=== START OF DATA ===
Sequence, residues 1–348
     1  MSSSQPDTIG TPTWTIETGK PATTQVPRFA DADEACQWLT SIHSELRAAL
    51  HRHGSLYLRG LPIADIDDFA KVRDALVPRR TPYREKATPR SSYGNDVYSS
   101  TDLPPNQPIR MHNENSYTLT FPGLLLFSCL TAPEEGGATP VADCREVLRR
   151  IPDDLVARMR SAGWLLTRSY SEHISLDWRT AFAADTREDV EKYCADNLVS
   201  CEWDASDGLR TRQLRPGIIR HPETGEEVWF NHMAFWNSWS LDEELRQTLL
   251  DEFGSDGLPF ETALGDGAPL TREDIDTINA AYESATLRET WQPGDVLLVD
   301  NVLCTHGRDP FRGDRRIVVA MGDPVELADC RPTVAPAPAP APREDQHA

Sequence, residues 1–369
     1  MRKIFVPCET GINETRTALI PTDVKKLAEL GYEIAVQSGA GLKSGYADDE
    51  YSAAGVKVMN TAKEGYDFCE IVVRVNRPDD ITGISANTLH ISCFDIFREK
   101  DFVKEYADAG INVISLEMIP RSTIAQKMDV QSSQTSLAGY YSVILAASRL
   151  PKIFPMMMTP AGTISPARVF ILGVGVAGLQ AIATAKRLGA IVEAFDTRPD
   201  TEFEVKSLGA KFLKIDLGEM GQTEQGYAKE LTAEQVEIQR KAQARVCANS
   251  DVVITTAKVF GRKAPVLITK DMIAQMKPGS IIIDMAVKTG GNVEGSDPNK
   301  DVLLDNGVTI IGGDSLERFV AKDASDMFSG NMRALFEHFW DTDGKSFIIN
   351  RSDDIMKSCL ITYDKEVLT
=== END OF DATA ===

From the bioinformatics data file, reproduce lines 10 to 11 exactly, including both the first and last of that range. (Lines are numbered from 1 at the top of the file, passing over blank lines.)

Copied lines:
     1  MRKIFVPCET GINETRTALI PTDVKKLAEL GYEIAVQSGA GLKSGYADDE
    51  YSAAGVKVMN TAKEGYDFCE IVVRVNRPDD ITGISANTLH ISCFDIFREK